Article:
Barriers and breakthroughs to a smarter grid.
Technology is quickly making energy storage more economical and effective than ever before. But companies that wish to invest in storage capacity face a journey through a frustrating regulatory no-man’s land. Opening the gateway for storage to deliver smart grid benefits will require a more streamlined and coherent approach to regulating storage as utility infrastructure.
Forecasting the geographic distribution of demand reductions. Copyright © 2011 Consolidated Edison Company of New York, Inc.
Chris Gazze and Madlen Massarlian
As new energy efficiency programs proliferate, regulators increasingly will seek to use the associated demand reductions to reduce capital expenditures on new transmission and distribution assets. However, forecasting the expected geographic distribution of these demand reductions within the grid and integrating this information into a utility’s capital planning process is a challenging task.
Integrating renewables in New York.
New York has developed new market mechanisms intended to effectively incorporate large amounts of renewable energy in the future — up to six times the current levels of intermittent energy without impacting system reliability. New York ISO executive Rana Mukerji explains how the market will drive new investment in renewable energy in the state.
Investments in energy efficiency can be a growing revenue source. Strong programs, in conjunction with effective monitoring and verification, are the keys to success.
To turn efficiency investments into a growing revenue source, strong programs, in conjunction with effective monitoring and verification, are the keys to success.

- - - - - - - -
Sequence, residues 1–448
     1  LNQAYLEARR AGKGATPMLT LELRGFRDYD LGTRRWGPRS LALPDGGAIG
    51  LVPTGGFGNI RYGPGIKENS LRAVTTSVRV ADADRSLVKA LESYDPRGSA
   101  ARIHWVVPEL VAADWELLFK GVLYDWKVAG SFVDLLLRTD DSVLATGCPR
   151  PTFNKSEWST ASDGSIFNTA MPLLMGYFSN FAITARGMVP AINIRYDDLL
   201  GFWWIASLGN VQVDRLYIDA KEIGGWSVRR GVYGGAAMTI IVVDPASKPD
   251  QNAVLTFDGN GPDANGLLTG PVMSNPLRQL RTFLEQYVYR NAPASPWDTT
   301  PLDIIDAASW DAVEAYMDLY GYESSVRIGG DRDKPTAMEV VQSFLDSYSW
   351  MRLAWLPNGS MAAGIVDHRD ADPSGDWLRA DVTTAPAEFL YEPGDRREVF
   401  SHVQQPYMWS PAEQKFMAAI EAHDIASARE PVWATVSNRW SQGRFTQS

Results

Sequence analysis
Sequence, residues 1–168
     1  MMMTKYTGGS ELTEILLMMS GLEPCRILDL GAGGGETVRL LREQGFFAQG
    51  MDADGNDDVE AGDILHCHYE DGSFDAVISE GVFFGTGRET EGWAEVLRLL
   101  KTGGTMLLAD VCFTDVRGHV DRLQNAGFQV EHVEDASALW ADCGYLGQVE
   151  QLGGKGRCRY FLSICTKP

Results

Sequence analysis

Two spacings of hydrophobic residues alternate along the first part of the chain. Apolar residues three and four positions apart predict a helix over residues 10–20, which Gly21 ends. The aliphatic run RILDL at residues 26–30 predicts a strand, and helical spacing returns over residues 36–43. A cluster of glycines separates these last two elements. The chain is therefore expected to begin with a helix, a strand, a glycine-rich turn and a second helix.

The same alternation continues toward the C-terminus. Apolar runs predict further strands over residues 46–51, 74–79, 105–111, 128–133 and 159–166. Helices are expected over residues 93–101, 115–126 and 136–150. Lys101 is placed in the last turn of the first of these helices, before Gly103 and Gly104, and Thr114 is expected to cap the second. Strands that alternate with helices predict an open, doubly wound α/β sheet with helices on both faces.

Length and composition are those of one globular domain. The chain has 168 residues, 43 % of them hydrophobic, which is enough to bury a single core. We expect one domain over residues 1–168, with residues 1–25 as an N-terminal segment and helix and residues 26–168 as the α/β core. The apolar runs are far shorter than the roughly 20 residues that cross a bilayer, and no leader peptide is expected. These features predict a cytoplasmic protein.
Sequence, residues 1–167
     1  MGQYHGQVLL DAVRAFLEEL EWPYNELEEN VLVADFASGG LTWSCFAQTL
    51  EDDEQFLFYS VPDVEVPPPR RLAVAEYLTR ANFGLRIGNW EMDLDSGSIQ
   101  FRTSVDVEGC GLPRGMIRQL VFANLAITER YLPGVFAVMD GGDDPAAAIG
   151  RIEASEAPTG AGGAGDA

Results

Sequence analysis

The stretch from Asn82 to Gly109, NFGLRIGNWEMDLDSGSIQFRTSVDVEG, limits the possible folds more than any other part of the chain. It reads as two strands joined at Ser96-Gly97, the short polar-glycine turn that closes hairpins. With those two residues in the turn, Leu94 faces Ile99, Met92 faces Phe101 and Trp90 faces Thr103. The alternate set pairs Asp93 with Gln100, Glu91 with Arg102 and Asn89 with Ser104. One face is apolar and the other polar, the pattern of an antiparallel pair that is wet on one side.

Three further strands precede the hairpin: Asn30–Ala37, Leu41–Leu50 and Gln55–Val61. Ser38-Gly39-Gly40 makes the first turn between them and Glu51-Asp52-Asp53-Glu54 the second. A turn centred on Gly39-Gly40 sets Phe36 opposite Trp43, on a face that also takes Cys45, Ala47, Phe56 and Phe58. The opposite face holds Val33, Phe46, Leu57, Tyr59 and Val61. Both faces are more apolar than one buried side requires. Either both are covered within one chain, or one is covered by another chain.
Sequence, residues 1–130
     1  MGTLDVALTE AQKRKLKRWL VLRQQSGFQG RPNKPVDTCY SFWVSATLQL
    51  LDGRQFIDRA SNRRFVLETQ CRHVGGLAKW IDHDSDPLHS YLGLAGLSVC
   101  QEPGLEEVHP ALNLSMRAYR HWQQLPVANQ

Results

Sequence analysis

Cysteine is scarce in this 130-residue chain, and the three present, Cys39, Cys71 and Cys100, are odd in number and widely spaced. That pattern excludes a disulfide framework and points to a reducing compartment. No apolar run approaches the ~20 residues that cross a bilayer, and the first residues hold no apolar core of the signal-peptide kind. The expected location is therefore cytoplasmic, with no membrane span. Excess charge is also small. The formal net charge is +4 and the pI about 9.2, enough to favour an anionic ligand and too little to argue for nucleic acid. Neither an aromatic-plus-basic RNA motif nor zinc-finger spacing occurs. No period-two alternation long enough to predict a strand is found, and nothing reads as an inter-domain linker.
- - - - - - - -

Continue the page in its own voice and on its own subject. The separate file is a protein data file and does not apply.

FERC risks going overboard in easing penalties for generation imbalances.
What good is a penalty that does nothing to deter the crime? For wind turbines, generation imbalances are caused primarily by variations in weather. Even if these imbalances are indeed a bad thing, no $100 penalty will make them go away.
States earmark millions to fund solar projects via system benefits charges.
Making solar power a realistic choice for electric consumers is a burgeoning issue for state utility regulators. As part of electric restructuring, regulators are trying to finance the costs of solar installations.
Key to delivering commercial, on-grid solar power to new markets are state efforts, partnered with other government and industry actions. So far, the system benefits charge, or SBC, is the primary short-term incentive to develop solar, wind, biomass and other renewable resources.
Robert A. Bell and Wayne H. Seden
As electric utilities move ever closer to all-out competition, senior executives are streamlining their organizations, reducing spending, and developing strategic plans to ensure their company's future success. Organizations that cannot substantiate their contribution to the company's financial bottom line risk major budget cuts.